To the short-sellers who've sold off Garmin (Nasdaq: GRMN ) shares by more than 30% over the last three weeks, all on fears that the company would be shut out of the digital mapping game, or overpay to stay in it, I have just one thing to say:
We told you so.
Garmin ended the trading week with a bang and a press release this morning. Notably:
- Garmin sealed a six-year extension of its contract with Navteq (NYSE: NVT ) , ensuring that Garmin's preferred provider of mapping data will continue to remain so through 2015 -- with an option to extend the relationship through 2019. Problem solved.
- And with it, Garmin's need to keep up the pretense of being interested in buying rival TomTom's preferred provider, Tele Atlas. Garmin therefore announced that it will not be pursuing its bid for the latter company.
- Of course, that still leaves TomTom on the hook for the $4.2 billion offer it made to counter Garmin's feint. For the record, that's roughly 45% more than TomTom initially wanted to pay for Tele Atlas, and represents the worst sort of Pyrrhic victory for TomTom: It's likely to pay a too-high price (10.2 times sales for an unprofitable company) to win a war that Garmin wasn't even serious about waging.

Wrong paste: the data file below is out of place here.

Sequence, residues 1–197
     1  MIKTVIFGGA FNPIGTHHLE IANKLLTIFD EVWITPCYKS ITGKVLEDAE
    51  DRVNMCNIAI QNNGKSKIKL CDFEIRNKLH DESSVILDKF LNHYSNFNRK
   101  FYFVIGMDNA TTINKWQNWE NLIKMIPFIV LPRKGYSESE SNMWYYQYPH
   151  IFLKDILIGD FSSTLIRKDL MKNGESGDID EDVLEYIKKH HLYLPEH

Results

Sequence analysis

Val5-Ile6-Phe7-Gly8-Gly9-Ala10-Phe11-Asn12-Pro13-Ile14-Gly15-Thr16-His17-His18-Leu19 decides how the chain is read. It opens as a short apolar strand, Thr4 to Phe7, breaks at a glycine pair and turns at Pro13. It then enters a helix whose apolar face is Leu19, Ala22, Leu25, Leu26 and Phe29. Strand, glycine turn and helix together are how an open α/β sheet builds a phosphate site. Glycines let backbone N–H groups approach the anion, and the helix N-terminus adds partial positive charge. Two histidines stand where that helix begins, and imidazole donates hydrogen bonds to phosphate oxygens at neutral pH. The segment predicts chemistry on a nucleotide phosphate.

So breaking down the winners and losers:
- TeleAtlas wins, because it likely will get 45% more loot out of this deal than it was expecting just four short months ago.
- Garmin wins, because it ensured its continued access to mapping data well into the millennium, without overpaying for the privilege.
- Nokia wins (NYSE: NOK ) , because as Navteq's new owner, it's secured a long-term source of recurring revenue from a financially strong and rapidly growing Garmin.
- And the loser in all this? That would be TomTom.
The rest of the winners
In conclusion, let me congratulate Garmin's management for a game well played, Motley Fool Stock Advisor members for keeping the faith, and Stock Advisor analyst Nick Kapur, who saw through the smoke and mirrors to predict how Garmin would emerge unscathed from this battle.